AUDIE CORNISH, HOST:
As we just heard, it's been a rocky few weeks for the Obama administration. And joining us now for some analysis of the politics of the moment is NPR national political correspondent Mara Liasson. Hey there, Mara.
MARA LIASSON, BYLINE: Hi, Audie.
CORNISH: So what's going on here? Is the White House, you know, in the grip of that second term curse?
LIASSON: Well, second terms are full of perils and pitfalls, but it's also true that the presidency has a lot of latent power. So I wouldn't be too quick to say that he's descended into lame duck status just yet. Still, there's no doubt the White House is frustrated. The president is frustrated. They're surprised at how fast partisan gridlock over everything has returned to the Capitol after his re-election.
That being said, the administration did make unforced errors. The IRS scandal appears to be a ham-handed attempt to come up with some kind of screening method to determine whether all of these new groups applying for tax-exempt status, in the wake of Citizens United, were truly social-welfare organizations or whether they were involved in political activities.
But the use of key words like patriots and Tea Party aren't neutral, and there also have been conflicting reports of when senior IRS officials knew about this effort.
CORNISH: Now, let's talk a little bit more about that. I mean, we heard President Obama address it a couple of minutes ago, but what kind of damage can this do his office?
LIASSON: Well, it can do real damage, and I think that's why he responded so vigorously today. You heard him call it outrageous. There are going to be continued hearings on this. Dave Camp, in the House, will hold hearings and in the Senate, the Finance Committee chair - Max Baucus, who's a Democrat - will also hold hearings. And don't forget, a continued focus on abuses by the IRS, which is one of the most hated parts of the government by the grassroots base of the Republican Party, in particular, is a great - is a benefit, politically, for Republicans.
And the president's comments today suggest that when he does receive the IRS inspector general report, he will have to take action - possibly, fire some people. The question is, as in every Washington scandal, is there more to come; is there more than we know now? Was there any kind of involvement above the Cincinnati office of the IRS; any knowledge about this by the White House? So far, we don't have evidence, but that's what we're waiting to find out.
CORNISH: Let's move on to Benghazi and the question over the talking points about that attack. Now, this is an issue that Republicans, clearly, they're not showing any sign of letting up. How could this hurt the president?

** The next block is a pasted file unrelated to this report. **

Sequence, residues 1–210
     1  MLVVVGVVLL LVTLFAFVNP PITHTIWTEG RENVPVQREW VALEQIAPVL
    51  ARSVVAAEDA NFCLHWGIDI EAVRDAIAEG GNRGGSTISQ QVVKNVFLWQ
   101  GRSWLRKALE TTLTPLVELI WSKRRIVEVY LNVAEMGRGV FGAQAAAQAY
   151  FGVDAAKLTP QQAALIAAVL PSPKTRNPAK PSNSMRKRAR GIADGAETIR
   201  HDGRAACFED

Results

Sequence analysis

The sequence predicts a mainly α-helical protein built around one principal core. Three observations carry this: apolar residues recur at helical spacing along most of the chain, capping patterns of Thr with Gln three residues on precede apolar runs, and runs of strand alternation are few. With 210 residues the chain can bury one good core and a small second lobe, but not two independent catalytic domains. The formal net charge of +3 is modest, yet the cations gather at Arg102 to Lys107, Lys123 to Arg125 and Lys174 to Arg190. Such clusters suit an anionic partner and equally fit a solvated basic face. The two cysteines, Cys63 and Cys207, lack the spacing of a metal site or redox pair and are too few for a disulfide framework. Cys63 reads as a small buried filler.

LIASSON: Well, I think that this one is less incendiary than the IRS controversy. But that being said, it's not going away. That's not good for the White House, even though you heard the president dismiss it today as a sideshow. Again, there are going to be more hearings here, possibly with more, quote, "whistleblowers" or with the heads of the State Department review board, Ambassador Thomas Pickering and Adm. Mike Mullen.
The public, however, is not paying too much attention to this. According to a new Pew Poll, only 44 percent said that they were following the Benghazi hearings closely. If there is a political target here and the potential for political damage, I don't think it's President Obama. It's former Secretary of State Hillary Rodham Clinton. Sen. Rand Paul, who is widely considered to be preparing the groundwork for a presidential race, was in Iowa this weekend, saying that Hillary Clinton wasn't fit for a higher office. She is considered to be the front-runner for the Democratic nomination. Carl Rove's superPAC has already made an anti-Hillary ad around Benghazi. So 2016 is closer than you think.
CORNISH: Now, the president came in to his second term with some big legislative plans. Do the investigations into Benghazi and the IRS have the potential to undermine that agenda?
LIASSON: Well, it could possibly harden Republicans' determination to block some of the president's nominees. Don't forget, all these fights are related. It was Republican senators' demands that the administration provide the Benghazi emails, in return for proceeding with the confirmation hearings of his CIA director, John Brennan, that led us to the latest round of the Benghazi controversy.
But in terms of legislation, the next big item is immigration. That's something that's proceeding because it's in both parties' political interests, and I don't think that will be derailed.
CORNISH: That's NPR's national political correspondent Mara Liasson. Mara, thank you.
LIASSON: Thank you.
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